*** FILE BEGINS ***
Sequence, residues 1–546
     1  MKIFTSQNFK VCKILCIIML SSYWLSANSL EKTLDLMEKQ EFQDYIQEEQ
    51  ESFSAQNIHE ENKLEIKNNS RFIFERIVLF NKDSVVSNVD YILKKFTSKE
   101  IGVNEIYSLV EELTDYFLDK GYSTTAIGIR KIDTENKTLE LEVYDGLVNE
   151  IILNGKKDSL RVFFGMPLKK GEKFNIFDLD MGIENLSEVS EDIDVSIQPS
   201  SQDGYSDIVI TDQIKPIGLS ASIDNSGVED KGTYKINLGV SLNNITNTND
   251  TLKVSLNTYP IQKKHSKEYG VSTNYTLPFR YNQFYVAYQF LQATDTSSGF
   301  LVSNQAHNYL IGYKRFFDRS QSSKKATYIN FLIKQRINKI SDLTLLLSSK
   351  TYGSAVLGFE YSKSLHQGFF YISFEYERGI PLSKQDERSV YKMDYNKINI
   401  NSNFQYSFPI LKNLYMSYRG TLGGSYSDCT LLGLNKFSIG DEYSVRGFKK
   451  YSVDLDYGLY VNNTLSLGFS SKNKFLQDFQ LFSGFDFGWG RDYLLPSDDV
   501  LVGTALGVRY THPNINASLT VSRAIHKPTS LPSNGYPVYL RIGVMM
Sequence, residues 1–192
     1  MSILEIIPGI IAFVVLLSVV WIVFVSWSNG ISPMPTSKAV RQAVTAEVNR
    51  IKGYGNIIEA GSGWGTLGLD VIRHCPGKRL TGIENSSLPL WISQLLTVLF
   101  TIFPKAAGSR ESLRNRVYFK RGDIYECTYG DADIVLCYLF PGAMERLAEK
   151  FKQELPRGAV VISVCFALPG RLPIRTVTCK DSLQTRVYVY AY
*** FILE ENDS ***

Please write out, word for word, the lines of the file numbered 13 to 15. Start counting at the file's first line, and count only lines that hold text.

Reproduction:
Sequence, residues 1–192
     1  MSILEIIPGI IAFVVLLSVV WIVFVSWSNG ISPMPTSKAV RQAVTAEVNR
    51  IKGYGNIIEA GSGWGTLGLD VIRHCPGKRL TGIENSSLPL WISQLLTVLF